Are you a regular music listener? Is it an important part of your daily life? You could be improving your mental health, memory and cognitive response without even knowing it.
Music is so wonderful. It comes in a vast range of genres. It is an important part of cultural history. Seeing music live brings people together in the spirit of connection and community. Learning an instrument and playing music with others is incredibly rewarding. Music accompanies the great moments of our lives – just think of graduations, weddings, and birthdays.
It also has a special ability to evoke memory – to bring forth powerful emotions.
Have you ever heard a song on the radio at a supermarket that whisked you back to a very specific time and place? For a moment, you were enveloped in the memory. This recollection can be truly remarkable – and often very emotional.
There’s a reason for this. Listening to music is an extremely powerful way to activate the brain. The reason why? Music activates the auditory, motor, and limbic systems – simultaneously. The rhythm of the song is processed by the motor system, the auditory system processes the sound, and the limbic system is responsible for processing the emotional response to the song.
The best part? It doesn’t matter if you like Mozart or The Rolling Stones – all genres of music activate the same areas of the brain. This is why music therapy has become so important when treating dementia. Playing familiar music to someone with dementia activates an emotional response in the limbic system, inducing a state of relaxation and reducing stress and anxiety.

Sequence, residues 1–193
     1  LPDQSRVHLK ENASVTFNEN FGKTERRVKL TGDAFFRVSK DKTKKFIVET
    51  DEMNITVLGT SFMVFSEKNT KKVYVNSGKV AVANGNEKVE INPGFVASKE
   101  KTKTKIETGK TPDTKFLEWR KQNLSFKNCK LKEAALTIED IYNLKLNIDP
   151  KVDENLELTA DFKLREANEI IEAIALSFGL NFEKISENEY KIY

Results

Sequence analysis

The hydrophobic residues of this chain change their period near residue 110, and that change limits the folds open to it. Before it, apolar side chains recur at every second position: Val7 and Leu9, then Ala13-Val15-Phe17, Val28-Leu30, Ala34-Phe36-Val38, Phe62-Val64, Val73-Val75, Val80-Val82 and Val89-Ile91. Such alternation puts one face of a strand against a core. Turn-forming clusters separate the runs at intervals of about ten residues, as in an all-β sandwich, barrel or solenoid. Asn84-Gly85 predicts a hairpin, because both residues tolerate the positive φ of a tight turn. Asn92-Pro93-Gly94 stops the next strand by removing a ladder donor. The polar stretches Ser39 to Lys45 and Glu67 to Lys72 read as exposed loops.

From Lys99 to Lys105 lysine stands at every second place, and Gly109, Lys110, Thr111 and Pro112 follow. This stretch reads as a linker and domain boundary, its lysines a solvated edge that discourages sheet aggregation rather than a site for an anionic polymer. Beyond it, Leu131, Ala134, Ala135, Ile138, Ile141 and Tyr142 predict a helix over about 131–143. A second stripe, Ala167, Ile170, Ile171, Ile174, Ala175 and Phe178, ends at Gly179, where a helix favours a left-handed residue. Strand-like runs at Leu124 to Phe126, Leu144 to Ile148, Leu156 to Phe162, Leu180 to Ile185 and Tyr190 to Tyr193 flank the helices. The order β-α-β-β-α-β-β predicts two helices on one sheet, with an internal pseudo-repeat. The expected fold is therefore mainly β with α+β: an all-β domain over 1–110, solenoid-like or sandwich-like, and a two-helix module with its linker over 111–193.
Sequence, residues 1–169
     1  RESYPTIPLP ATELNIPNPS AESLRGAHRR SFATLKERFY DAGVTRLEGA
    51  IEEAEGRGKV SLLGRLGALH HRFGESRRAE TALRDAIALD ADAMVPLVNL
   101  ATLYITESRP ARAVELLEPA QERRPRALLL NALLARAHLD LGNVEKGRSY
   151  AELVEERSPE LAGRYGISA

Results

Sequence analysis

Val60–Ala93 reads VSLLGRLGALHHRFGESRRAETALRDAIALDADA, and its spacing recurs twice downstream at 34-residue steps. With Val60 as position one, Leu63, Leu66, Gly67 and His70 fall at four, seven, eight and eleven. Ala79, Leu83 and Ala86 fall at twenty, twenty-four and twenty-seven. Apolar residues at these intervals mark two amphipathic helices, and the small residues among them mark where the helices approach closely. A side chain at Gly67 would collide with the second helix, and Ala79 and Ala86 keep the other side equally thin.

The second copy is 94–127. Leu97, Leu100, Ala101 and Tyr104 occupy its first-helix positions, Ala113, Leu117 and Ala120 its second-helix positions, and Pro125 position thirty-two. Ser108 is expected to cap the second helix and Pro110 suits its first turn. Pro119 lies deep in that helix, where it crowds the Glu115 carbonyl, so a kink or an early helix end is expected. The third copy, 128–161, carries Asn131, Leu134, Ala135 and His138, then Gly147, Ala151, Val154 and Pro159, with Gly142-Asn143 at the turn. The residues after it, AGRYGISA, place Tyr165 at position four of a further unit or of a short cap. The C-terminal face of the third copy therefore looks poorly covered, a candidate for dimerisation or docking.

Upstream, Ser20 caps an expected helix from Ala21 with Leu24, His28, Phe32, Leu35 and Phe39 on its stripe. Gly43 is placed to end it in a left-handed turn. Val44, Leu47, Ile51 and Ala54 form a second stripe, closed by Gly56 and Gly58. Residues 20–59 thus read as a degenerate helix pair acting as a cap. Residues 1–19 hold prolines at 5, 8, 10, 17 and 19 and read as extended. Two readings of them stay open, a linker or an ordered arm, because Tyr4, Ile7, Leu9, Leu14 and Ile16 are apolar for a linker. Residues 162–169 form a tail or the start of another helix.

The activation of the brain in those with dementia when listening to music helps them, for a time, regain a sense of self when memory fails. This often allows caregivers and family to have a conversation about the music with the listener, further reinforcing activation of the brain. Listening to music as a group is especially helpful when treating dementia. Music can help increase socialization and encourage interaction.
Listening to singing can help with speech therapy and enunciation, according to a Harvard Medical study. The reinforcement of patterns and repetition in speech was found to be highly therapeutic, as well as helping with speech comprehension.
Regular stimuli from activities that engage the entire brain, like listening to music, improve the long-term performance of cognitive and motor functions by increasing brain plasticity. So, it is important to not only listen to music, but to enjoy it frequently.
Don’t hesitate – put on your favorite song. Or try listening to something new. Not only is music fun to listen to, play, and see live – it offers truly powerful, medically-proven health benefits.
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